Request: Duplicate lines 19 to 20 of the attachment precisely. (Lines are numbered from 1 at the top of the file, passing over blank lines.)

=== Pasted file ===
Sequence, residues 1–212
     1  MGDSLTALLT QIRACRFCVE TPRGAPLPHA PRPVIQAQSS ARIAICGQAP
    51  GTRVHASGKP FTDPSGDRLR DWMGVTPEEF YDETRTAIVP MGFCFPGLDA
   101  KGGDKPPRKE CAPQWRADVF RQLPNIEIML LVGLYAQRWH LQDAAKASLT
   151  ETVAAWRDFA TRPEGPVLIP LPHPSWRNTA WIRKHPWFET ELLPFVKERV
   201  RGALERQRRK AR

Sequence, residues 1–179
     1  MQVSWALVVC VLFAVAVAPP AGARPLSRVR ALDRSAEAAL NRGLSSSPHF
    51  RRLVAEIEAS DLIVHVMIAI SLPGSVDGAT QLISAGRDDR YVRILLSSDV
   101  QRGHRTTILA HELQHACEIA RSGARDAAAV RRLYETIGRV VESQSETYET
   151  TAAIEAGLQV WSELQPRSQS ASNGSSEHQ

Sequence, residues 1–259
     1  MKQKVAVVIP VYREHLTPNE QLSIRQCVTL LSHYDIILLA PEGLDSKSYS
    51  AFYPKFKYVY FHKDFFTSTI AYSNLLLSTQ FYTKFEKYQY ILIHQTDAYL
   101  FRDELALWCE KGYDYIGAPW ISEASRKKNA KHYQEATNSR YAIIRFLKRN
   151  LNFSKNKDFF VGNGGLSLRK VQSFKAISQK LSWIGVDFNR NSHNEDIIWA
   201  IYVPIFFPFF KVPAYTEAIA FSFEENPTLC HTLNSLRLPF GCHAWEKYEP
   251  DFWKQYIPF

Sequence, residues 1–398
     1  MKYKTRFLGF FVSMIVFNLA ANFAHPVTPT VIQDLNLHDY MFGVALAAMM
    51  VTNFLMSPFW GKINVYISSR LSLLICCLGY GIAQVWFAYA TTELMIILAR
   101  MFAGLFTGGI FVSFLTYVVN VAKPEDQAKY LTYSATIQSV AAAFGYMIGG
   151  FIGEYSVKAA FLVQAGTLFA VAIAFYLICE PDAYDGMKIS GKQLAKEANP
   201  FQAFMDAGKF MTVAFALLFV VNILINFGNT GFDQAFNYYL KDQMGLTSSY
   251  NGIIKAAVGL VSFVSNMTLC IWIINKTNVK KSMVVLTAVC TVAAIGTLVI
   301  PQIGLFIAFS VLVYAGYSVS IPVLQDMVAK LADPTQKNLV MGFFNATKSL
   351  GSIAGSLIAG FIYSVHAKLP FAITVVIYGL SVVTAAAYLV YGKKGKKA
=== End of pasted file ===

Sequence, residues 1–398
     1  MKYKTRFLGF FVSMIVFNLA ANFAHPVTPT VIQDLNLHDY MFGVALAAMM